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Note that a Preprint of this article also exists, first published May 29, 2016.

Introduction

SymPy is a full featured computer algebra system (CAS) written in the Python (Lutz, 2013) programming language. It is free and open source software, licensed under the 3-clause BSD license (Rosen, 2005). The SymPy project was started by Ondřej Čertík in 2005, and it has since grown to over 500 contributors. Currently, SymPy is developed on GitHub using a bazaar community model (Raymond, 1999). The accessibility of the codebase and the open community model allow SymPy to rapidly respond to the needs of users and developers.

Python is a dynamically typed programming language that has a focus on ease of use and readability.1 Due in part to this focus, it has become a popular language for scientific computing and data science, with a broad ecosystem of libraries (Oliphant, 2007). SymPy is itself used as a dependency by many libraries and tools to support research within a variety of domains, such as SageMath (The Sage Developers, 2016) (pure and applied mathematics), yt (Turk et al., 2011) (astronomy and astrophysics), PyDy (Gede et al., 2013) (multibody dynamics), and SfePy (Cimrman, 2014) (finite elements).

Unlike many CAS’s, SymPy does not invent its own programming language. Python itself is used both for the internal implementation and end user interaction. By using the operator overloading functionality of Python, SymPy follows the embedded domain specific language paradigm proposed by Hudak (1998). The exclusive usage of a single programming language makes it easier for people already familiar with that language to use or develop SymPy. Simultaneously, it enables developers to focus on mathematics, rather than language design. SymPy version 1.0 officially supports Python 2.6, 2.7 and 3.2–3.5.

SymPy is designed with a strong focus on usability as a library. Extensibility is important in its application program interface (API) design. Thus, SymPy makes no attempt to extend the Python language itself. The goal is for users of SymPy to be able to include SymPy alongside other Python libraries in their workflow, whether that be in an interactive environment or as a programmatic part in a larger system.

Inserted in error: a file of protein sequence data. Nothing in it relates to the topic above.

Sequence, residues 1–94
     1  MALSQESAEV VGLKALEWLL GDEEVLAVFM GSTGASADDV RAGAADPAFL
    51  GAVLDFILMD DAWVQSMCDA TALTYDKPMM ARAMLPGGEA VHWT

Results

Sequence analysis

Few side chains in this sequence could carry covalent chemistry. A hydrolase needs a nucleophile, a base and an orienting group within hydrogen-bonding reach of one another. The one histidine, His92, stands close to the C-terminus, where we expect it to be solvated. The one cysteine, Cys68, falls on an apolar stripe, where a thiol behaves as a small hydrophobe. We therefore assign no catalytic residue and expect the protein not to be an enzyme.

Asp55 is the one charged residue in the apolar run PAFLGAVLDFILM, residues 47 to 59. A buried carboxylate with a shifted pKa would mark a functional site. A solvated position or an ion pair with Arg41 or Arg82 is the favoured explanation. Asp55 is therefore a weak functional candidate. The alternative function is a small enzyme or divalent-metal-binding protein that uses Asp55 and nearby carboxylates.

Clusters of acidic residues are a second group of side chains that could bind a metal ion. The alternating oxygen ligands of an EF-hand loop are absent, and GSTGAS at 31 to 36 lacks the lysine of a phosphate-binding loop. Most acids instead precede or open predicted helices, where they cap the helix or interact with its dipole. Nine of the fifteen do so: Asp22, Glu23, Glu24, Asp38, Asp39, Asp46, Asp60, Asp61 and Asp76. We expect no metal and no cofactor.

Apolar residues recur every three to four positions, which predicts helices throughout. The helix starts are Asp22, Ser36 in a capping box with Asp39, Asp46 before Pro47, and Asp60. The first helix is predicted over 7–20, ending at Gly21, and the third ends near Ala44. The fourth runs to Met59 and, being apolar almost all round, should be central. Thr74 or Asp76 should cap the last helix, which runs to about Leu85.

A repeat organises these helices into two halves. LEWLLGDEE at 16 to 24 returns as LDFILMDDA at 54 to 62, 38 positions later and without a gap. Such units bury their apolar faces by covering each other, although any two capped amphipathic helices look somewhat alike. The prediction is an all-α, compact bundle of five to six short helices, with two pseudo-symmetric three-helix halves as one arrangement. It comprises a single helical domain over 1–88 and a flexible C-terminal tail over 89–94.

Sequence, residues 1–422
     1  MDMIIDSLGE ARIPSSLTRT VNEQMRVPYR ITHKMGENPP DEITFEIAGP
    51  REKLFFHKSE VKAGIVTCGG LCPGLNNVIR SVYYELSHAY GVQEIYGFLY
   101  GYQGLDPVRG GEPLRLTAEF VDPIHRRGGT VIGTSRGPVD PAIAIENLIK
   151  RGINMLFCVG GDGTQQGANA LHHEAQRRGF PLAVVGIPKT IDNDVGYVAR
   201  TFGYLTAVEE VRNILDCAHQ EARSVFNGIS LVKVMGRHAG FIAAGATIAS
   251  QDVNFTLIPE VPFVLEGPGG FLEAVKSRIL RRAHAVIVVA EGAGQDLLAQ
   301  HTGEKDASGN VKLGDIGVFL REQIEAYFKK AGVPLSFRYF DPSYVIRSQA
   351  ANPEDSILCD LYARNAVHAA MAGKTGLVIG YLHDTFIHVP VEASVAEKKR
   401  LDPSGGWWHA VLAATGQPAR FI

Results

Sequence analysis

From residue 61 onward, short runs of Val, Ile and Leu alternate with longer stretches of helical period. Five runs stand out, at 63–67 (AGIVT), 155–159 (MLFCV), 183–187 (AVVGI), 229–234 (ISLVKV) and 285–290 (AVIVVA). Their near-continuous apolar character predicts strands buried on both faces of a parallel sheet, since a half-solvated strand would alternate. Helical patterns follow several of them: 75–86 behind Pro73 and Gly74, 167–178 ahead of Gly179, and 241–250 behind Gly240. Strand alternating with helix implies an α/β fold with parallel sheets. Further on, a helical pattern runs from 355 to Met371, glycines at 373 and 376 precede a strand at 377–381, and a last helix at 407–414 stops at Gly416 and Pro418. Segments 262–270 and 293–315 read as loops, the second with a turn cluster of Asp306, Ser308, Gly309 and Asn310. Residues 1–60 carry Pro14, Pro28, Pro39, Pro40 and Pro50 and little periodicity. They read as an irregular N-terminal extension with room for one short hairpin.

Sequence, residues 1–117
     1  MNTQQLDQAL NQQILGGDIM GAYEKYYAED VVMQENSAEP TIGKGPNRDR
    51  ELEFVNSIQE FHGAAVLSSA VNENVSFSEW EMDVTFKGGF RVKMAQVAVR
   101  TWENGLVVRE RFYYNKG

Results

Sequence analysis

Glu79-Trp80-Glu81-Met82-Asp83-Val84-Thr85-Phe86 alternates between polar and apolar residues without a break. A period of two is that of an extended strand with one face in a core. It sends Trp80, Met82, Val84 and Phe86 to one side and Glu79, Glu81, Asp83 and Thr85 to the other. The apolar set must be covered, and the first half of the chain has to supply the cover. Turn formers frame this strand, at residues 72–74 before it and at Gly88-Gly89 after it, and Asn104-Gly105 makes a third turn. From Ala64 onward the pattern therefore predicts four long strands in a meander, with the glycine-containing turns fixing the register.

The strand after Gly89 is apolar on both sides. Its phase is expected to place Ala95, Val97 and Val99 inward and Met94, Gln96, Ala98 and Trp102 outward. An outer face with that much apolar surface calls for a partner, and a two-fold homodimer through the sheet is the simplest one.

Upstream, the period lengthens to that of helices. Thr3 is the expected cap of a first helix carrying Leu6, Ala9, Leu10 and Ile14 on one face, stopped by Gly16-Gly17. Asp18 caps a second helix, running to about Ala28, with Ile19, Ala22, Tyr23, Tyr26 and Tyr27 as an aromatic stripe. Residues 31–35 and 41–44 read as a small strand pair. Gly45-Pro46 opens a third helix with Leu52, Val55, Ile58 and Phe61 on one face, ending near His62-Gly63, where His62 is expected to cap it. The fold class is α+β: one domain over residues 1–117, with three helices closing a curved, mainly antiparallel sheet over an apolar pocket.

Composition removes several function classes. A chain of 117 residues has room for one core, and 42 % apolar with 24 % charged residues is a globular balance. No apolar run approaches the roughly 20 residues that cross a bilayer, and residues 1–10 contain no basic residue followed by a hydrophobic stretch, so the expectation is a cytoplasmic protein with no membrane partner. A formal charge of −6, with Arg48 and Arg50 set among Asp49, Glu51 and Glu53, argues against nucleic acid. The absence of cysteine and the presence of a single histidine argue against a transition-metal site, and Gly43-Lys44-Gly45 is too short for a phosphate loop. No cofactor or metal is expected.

Being a library, SymPy does not have a built-in graphical user interface (GUI). However, SymPy exposes a rich interactive display system, and supports registering display formatters with Jupyter (Kluyver et al., 2016) frontends, including the Notebook and Qt Console, which will render SymPy expressions using MathJax (Cervone, 2012) or .

The remainder of this paper discusses key components of the SymPy library. Section ‘Overview of capabilities’ enumerates the features of SymPy and takes a closer look at some of the important ones. The Section ‘Numerics’ looks at the numerical features of SymPy and its dependency library, mpmath. Section ‘Physics Submodule’ looks at the domain specific physics submodules for performing symbolic and numerical calculations in classical mechanics and quantum mechanics. Section ‘Architecture’ discusses the architecture of SymPy. Section ‘Projects that Depend on SymPy’ looks at a selection of packages that depend on SymPy. Conclusions and future directions for SymPy are given in ‘Conclusion and Future Work’. All examples in this paper use SymPy version 1.0 and mpmath version 0.19.

Additionally, the Supplemental Information 1 takes a deeper look at a few SymPy topics. Section S1 discusses the Gruntz algorithm, which SymPy uses to calculate symbolic limits. Sections S2S9 of the supplement discuss the series, logic, Diophantine equations, sets, statistics, category theory, tensor, and numerical simplification submodules of SymPy, respectively. Section S10 provides additional examples for topics discussed in the main paper. Section S11 discusses the SymPy Gamma project. Finally, Section S12 of the supplement contains a brief comparison of SymPy with Wolfram Mathematica.

The following statement imports all SymPy functions into the global Python namespace.2 From here on, all examples in this paper assume that this statement has been executed3:

>>> from sympy import *

All the examples in this paper can be tested on SymPy Live, an online Python shell that uses the Google App Engine (Ciurana, 2009) to execute SymPy code. SymPy Live is also integrated into the SymPy documentation at http://docs.sympy.org.

Overview of capabilities

This section gives a basic introduction of SymPy, and lists its features. A few features—assumptions, simplification, calculus, polynomials, printers, solvers, and matrices—are core components of SymPy and are discussed in depth. Many other features are discussed in depth in the Supplemental Information 1.